Letters for July 22, 2015

Letters for July 22, 2015

Hard to tell the good guys anymore 

A friend of mine posted on his Facebook page the question, “Why do we have wars?” As a Vietnam veteran, this is a subject that I have often thought about. I served 2 1/2 years in Vietnam. While there, I was awarded the Vietnam Service Medal, the Army Commendation Medal, and two Bronze Stars. I say this not to brag or pat myself on the back, but so that you may understand the context I am writing these comments in. 

Having done my duty, proudly served my country, and received all these nice awards, I should have returned to the U.S. a proud, happy trooper. But I can’t really say that is true. To say the least, I found the Vietnam war “disturbing.” Perhaps I had an attitude problem but there are things that I just didn’t understand and couldn’t accept. I couldn’t understand how my fellow soldiers treated the Vietnamese, the people we were supposed to be there protecting, with such lack of respect or compassion, referring to them as “gooks.” 

I could not bring myself to hate the enemy (the Viet Cong and the NVA — North Vietnamese Army). Even though they were killing our troops, I could not hate them. After all, we were the ones invading their country. But weren’t we the good guys? Wasn’t our side the right side? After all, we were fighting for freedom and democracy, so we must be right. And how do I know that our side is the right side? Because my country has told me that our side is the right side. So here I am, G.I. Joe over here in someone else’s country fighting and knowing that my side is the right side.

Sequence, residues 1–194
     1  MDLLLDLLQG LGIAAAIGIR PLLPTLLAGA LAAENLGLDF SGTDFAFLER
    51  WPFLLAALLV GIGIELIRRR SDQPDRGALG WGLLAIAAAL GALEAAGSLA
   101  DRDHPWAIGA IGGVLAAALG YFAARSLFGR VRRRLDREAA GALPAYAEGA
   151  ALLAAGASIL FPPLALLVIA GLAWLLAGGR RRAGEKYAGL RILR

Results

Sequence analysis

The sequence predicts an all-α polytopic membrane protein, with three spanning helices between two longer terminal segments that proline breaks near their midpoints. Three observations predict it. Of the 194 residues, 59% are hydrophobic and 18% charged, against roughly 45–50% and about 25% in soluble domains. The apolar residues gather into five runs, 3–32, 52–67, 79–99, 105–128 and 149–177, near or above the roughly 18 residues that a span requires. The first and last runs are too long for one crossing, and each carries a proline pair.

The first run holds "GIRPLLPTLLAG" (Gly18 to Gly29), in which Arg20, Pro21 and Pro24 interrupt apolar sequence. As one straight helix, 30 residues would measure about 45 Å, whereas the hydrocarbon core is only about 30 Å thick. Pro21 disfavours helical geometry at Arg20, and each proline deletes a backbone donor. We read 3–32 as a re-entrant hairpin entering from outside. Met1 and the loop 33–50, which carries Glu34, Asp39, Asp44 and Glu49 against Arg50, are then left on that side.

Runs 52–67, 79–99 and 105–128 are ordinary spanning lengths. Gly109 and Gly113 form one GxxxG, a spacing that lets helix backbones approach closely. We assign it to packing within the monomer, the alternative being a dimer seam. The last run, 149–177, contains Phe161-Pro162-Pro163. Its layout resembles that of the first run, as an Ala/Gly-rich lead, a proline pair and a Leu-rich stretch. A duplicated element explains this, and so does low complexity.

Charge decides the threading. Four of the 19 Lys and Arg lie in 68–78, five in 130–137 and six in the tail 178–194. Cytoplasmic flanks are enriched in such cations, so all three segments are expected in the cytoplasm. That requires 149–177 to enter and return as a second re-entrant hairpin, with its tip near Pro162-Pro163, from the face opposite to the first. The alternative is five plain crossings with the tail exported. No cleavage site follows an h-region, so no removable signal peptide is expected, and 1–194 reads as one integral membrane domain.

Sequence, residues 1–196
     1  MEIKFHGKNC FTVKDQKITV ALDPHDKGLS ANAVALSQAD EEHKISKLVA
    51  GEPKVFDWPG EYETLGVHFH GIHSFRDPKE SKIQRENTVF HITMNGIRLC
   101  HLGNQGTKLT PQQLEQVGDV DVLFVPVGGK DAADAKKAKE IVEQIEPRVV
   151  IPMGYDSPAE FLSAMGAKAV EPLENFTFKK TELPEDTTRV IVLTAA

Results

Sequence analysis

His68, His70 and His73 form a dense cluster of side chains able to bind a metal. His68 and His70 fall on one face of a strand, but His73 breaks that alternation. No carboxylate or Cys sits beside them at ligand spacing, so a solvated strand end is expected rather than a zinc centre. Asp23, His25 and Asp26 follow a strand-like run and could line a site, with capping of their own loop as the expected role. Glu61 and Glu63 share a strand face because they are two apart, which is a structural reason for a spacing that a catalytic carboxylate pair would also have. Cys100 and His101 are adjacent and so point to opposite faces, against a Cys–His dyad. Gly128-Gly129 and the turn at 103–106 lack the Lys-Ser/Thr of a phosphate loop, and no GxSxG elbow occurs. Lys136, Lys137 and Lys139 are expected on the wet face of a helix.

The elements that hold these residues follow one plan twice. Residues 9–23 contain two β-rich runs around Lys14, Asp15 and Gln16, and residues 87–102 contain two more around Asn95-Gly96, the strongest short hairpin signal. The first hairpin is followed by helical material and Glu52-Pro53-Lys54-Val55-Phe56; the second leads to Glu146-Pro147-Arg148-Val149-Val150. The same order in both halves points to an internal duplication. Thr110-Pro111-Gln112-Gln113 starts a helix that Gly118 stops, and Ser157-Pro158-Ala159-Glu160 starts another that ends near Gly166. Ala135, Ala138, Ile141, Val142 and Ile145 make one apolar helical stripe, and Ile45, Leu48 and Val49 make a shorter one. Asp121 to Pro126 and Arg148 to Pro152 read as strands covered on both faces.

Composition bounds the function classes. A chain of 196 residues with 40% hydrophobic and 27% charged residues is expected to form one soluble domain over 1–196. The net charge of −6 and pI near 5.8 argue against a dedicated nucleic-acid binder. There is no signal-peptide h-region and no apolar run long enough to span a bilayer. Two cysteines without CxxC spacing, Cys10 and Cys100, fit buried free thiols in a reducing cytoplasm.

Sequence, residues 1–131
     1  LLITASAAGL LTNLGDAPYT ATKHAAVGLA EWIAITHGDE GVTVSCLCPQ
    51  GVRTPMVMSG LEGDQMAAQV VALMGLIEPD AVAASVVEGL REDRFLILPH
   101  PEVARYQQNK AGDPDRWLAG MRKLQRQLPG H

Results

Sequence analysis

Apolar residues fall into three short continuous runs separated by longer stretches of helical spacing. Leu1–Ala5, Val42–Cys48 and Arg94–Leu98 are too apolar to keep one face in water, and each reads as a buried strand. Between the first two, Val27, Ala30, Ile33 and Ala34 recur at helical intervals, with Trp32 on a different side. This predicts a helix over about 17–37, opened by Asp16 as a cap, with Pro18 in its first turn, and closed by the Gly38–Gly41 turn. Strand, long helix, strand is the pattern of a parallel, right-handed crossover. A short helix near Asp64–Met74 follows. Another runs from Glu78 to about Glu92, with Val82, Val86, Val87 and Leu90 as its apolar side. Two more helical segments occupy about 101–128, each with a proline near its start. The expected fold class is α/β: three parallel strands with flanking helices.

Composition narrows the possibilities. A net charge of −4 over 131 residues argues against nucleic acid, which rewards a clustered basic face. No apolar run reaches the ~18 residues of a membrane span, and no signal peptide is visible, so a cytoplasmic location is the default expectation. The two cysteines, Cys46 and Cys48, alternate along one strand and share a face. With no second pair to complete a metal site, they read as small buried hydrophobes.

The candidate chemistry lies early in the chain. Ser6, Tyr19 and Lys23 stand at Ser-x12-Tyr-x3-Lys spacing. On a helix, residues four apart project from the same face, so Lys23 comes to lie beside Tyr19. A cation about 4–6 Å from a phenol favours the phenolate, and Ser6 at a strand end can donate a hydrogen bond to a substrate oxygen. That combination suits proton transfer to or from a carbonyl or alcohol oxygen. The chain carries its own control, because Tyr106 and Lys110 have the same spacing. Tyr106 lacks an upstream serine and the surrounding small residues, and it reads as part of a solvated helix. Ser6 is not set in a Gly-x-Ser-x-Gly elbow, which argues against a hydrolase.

But what about G.I. Joe in the North Vietnamese Army? His country has told him that his side is the right side. At least he’s fighting inside his own country. 

So why was I there? I was there because my country told me we’re the good guys and we need to be there. Why is the Vietnamese soldier there? He is there because his country told him he is the good guy and he needs to be there. I couldn’t help but ask myself, am I really any different from my enemy? Neither of us really want to be doing this. We both have family we love and would rather be with. We both have aspirations, hopes, and desires. Are we really different? I left Vietnam with the knowledge that there are no good guys or bad guys. Just guys. 

Then the Vietnam vets returned to the U.S. not to the cheers of people saying, “Thank you for your service.” We were returning from an unpopular war and were pushed under the rug, forgotten by our country and politicians. We were called “baby killers” and worse. 

So here I have rambled on and on and still not answered the question, “Why is there war?” It certainly is not because of Joe Blow on the street. It seems that nations, ours included, are consumed with the desire for power. The desire to control everyone and everything. I still don’t understand why the countries that have nuclear weapons get to tell other countries they can’t have them. Who died and made them boss of the world? Why does anyone get to have them? 

Why can’t we all just get along? 

Loyd Clayton 



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